Good communications don’t have to be long.

For the first time in ages, I have trawled the media and haven’t found anything that jumps out as a subject that relates to what we do relating to communications and marketing. The are a few contenders, Lloyds latest cyber attack, dating websites being hacked for data and the obvious small event that has gone on in the US. However, they have all be done to death and that is not what we are about.

Then it struck me, how often are you sitting in a presentation or reading a document and think, the author or presenter could have said in 100 words, what they have just taken 1000 to do. In truth, most people will try and “fill out” documents with more than is necessary and I think this goes back to our school days. When we are school we are told to write 1000 word essays or 10,000 word dissertations at University and this sets the trends for the rest of our lives.

Key Attributes

However, my experience suggests that the best communicators are those that have two main attributes:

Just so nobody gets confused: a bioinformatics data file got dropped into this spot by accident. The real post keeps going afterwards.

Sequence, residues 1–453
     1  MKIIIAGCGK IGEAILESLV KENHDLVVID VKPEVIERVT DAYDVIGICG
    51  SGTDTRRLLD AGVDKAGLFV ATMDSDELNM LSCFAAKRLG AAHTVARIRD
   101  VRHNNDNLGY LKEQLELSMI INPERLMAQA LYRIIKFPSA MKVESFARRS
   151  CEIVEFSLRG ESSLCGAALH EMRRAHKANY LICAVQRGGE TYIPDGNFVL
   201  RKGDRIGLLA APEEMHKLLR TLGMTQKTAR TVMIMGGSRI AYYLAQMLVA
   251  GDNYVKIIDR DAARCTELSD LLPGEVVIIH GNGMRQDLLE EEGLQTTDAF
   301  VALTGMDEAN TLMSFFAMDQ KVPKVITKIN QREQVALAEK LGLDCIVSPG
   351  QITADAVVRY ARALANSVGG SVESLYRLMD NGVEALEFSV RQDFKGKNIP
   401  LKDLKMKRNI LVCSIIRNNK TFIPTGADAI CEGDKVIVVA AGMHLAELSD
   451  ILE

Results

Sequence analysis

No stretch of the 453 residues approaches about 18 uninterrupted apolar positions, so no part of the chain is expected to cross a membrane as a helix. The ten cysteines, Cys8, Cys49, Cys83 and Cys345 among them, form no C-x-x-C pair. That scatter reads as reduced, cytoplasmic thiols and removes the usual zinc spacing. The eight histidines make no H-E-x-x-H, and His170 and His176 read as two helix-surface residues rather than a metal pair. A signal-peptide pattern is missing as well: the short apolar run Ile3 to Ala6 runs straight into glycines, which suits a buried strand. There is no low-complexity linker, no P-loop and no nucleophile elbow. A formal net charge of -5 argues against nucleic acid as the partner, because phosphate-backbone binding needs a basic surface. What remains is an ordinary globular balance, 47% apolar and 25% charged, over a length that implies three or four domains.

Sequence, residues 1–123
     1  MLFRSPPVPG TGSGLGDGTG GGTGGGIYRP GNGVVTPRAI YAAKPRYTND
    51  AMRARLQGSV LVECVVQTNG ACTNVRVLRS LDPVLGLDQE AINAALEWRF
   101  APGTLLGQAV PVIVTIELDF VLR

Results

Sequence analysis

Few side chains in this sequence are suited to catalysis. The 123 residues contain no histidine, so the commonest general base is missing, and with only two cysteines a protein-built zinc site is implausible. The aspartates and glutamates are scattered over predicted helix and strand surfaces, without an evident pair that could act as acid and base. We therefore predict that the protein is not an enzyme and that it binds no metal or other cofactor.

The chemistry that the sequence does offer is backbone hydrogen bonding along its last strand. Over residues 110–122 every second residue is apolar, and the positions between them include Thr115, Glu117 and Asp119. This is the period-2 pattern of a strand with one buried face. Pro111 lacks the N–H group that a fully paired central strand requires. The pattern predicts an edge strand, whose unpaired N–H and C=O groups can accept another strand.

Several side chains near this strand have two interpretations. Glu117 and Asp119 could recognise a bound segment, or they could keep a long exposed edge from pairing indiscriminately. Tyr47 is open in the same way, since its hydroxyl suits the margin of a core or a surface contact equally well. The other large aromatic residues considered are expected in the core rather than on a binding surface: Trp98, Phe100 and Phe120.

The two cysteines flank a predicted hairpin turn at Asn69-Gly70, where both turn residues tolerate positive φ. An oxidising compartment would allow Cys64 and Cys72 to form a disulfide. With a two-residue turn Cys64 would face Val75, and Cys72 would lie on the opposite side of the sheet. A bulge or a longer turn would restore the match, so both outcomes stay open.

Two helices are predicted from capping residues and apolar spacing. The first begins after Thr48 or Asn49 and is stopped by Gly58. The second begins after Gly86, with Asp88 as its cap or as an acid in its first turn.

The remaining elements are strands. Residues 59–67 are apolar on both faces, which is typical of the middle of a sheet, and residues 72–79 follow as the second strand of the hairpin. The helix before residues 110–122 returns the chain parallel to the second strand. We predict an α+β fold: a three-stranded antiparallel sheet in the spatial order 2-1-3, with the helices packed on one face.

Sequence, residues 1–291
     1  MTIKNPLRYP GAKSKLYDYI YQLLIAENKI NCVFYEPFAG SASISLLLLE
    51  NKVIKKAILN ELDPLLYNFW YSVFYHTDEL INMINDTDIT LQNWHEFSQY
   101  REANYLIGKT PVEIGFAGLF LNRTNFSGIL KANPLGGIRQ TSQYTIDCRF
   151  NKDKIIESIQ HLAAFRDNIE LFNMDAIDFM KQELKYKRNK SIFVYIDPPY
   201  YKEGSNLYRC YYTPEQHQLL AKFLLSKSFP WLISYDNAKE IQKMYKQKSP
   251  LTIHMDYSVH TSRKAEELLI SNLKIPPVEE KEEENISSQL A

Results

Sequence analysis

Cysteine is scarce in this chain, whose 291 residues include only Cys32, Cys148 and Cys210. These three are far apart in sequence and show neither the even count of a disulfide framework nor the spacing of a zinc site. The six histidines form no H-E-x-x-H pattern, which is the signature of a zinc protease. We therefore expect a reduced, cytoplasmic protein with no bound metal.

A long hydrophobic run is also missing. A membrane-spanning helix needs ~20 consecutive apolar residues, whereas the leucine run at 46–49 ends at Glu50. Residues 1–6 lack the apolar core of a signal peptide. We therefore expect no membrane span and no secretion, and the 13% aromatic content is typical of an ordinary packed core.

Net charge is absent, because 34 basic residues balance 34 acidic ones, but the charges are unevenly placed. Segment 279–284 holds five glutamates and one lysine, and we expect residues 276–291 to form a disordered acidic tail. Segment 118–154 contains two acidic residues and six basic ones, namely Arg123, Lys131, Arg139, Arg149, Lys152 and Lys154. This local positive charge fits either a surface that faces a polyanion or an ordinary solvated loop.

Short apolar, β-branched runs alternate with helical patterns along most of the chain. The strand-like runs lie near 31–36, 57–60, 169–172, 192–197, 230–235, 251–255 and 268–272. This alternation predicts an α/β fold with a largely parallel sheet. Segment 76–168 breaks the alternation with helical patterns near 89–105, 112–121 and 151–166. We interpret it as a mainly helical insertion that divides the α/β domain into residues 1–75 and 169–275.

• They are comfortable that the subject they are talking about is accurate and have undertaken their research.
• They are confident in their ability to communicate the message, succinctly.

I find myself talking to my son about his homework a lot these days and sometimes saying you need to write more otherwise you won’t get a good mark, but why? Surely if you can get a message across in 50 words, why should you write two pages.

In business, we are all constantly fighting for time, we have so many pieces of communication to read and we can’t afford to have too much irrelevant information so when a long document is sent it fills us with dread, do I really need to read this? Working with a client before Christmas, we received a website audit from one of the agencies that was 117 pages long, I didn’t get past the first page and ended up asking them to produce a summary document in no more than five pages. If I didn’t have time to read it and I had been brought in to do a very specific role, what chance the CEO and board reading it, none.

So the answer is simple, scope out any piece of communication, prepare a draft and then ask yourself, if it was delivered to you, would you read it and would you get the necessary information from it, if not, it is too long.

That is just my opinion though, what do you think?